Proposed reduction in biodiversity offset areas fails to satisfy jurisdictional prerequisites to granting of approval
In the recent decision of Gunlake Quarries Pty Ltd v Minister for Planning  NSWLEC 1570, the Land and Environment Court dismissed the appeal commenced by Gunlake Quarries Pty Ltd (Gunlake) concerning the proposed modification of its development consent which sought approval to reduce the minimum size of the Biodiversity Area required to be offset.
In 2017, Gunlake secured a Court granted consent for the Gunlake Quarry Extension Project (State significant development application no. 7090 (SSD 7090)) (2017 Consent) following the refusal of Gunlake’s proposal by the Planning Commission. The Court’s judgment ultimately gave effect to an agreement reached by the parties following without prejudice discussions relating to Gunlake’s proposed expansion of its quarry operations. Relevantly, Condition 27 in Schedule 3 of the 2017 Consent required a total vegetation offset area of 76.54 ha.
Gunlake subsequently sought to modify the 2017 Consent pursuant to section 4.55(8) of the Environmental Planning and Assessment Act (EP&A Act) (a provision enabling an applicant to apply to the Court for a modification to consents granted by the Court). The modification application sought approval to amend Condition 27 to reduce the size of its biodiversity offset areas from 78.82 to 39.55 hectares because, it was submitted among other reasons, the quantum of offset was miscalculated (Proposed Modification).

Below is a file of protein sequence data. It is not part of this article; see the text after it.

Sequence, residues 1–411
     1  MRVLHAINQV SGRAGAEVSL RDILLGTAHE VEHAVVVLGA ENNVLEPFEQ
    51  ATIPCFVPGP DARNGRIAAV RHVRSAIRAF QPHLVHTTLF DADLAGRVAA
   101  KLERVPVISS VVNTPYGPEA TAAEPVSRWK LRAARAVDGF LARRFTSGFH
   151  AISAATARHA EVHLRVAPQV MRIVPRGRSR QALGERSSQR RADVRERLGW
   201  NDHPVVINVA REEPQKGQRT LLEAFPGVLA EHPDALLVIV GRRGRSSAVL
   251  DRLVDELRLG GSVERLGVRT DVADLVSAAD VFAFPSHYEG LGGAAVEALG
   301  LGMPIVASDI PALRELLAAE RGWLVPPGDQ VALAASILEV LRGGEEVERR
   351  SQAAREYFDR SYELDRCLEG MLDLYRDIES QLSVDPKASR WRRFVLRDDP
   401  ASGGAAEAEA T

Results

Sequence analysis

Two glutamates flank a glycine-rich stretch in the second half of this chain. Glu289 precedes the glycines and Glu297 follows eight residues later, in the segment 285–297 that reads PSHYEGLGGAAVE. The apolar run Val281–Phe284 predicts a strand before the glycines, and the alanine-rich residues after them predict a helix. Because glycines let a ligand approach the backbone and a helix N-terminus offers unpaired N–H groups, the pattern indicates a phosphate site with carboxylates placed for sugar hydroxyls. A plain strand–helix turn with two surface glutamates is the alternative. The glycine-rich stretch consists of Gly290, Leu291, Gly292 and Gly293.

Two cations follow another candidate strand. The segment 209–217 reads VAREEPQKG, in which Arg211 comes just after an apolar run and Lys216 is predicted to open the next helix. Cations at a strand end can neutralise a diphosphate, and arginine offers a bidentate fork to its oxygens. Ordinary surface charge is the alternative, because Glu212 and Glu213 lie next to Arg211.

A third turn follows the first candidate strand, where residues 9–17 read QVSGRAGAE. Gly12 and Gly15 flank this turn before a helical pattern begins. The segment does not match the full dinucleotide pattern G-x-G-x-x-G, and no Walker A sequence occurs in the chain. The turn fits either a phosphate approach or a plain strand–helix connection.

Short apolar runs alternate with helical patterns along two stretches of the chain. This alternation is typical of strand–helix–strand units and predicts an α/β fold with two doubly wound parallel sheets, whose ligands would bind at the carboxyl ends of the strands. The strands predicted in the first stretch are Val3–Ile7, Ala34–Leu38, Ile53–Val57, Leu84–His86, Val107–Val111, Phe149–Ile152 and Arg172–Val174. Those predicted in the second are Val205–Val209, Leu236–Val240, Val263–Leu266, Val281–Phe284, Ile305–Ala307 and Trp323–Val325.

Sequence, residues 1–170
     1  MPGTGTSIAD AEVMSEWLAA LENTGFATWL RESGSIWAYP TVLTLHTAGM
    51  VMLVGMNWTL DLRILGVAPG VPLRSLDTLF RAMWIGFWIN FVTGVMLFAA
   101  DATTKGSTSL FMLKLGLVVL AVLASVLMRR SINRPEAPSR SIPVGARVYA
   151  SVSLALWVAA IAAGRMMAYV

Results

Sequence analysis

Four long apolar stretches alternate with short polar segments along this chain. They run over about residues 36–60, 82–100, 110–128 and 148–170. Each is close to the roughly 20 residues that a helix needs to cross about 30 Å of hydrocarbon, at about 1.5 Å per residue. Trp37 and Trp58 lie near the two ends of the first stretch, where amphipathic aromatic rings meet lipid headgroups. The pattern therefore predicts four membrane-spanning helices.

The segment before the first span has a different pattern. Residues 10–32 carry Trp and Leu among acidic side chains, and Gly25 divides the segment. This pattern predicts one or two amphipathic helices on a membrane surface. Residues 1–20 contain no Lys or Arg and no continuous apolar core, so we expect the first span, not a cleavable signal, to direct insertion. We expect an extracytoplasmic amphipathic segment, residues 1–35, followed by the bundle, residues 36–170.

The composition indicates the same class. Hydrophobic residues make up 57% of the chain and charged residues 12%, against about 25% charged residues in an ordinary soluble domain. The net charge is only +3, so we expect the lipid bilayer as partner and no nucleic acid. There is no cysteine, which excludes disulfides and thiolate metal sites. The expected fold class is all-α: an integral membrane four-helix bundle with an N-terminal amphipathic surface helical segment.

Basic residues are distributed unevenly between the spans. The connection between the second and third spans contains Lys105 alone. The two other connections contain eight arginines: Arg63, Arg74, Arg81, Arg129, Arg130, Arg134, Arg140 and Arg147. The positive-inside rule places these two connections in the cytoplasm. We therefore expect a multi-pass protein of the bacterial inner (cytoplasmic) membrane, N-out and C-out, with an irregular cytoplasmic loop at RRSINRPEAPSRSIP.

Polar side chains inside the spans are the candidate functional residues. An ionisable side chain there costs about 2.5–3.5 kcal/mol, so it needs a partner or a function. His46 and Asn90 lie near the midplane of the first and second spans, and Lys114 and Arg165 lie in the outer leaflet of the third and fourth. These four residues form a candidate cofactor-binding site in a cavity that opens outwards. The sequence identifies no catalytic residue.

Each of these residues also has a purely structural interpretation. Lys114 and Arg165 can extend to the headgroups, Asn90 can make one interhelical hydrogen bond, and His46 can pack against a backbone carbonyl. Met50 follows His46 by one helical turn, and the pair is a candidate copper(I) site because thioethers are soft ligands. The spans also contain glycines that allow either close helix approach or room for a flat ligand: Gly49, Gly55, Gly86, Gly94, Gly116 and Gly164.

To be capable of approval by the Court, the Proposed Modification was required to satisfy a number of jurisdictional prerequisites.
Key points from the decision
The following three jurisdictional prerequisites were identified as applying to the Proposed Modification:
- subclause 7.4(4) of the relevant (Goulburn Mulwaree) Local Environmental Plan (LEP) which requires that the consent authority must be satisfied, in relation to certain matters listed, that the development is compatible with the objectives of this clause and with the specific matters included in clause 7.4. This included subclause 7.2(3)(b) requiring a description of any proposed measures to be undertaken to ameliorate any potential impact on a native vegetation community;
- clause 14 of the State Environmental Planning Policy (Mining, Petroleum and Extractive Industries) 2007 (Mining SEPP) (now section 2.20 of the State Environmental Planning Policy (Resources and Energy) 2021) (2021 SEPP) required that, before granting consent for development for the purposes of mining, petroleum production or extractive industry, the consent authority must consider whether or not the consent should be issued subject to conditions aimed at ensuring that the development is undertaken in an environmentally responsible manner, including conditions to ensure the following:…’(b) that impacts on threatened species and biodiversity, are avoided, or are minimised to the greatest extent practicable’; and
- ‘substantially the same development test’ imposed under section 4.55(2)(a) of the EP&A Act required the Court, as the relevant consent authority, to be satisfied that the 2017 Consent as modified by the Proposed Modification would constitute substantially the same development as the development for which the 2017 Consent was originally granted, and before that consent as originally granted was modified (if at all).
The Court held that Gunlake had failed to satisfy all of the abovementioned jurisdictional prerequisites.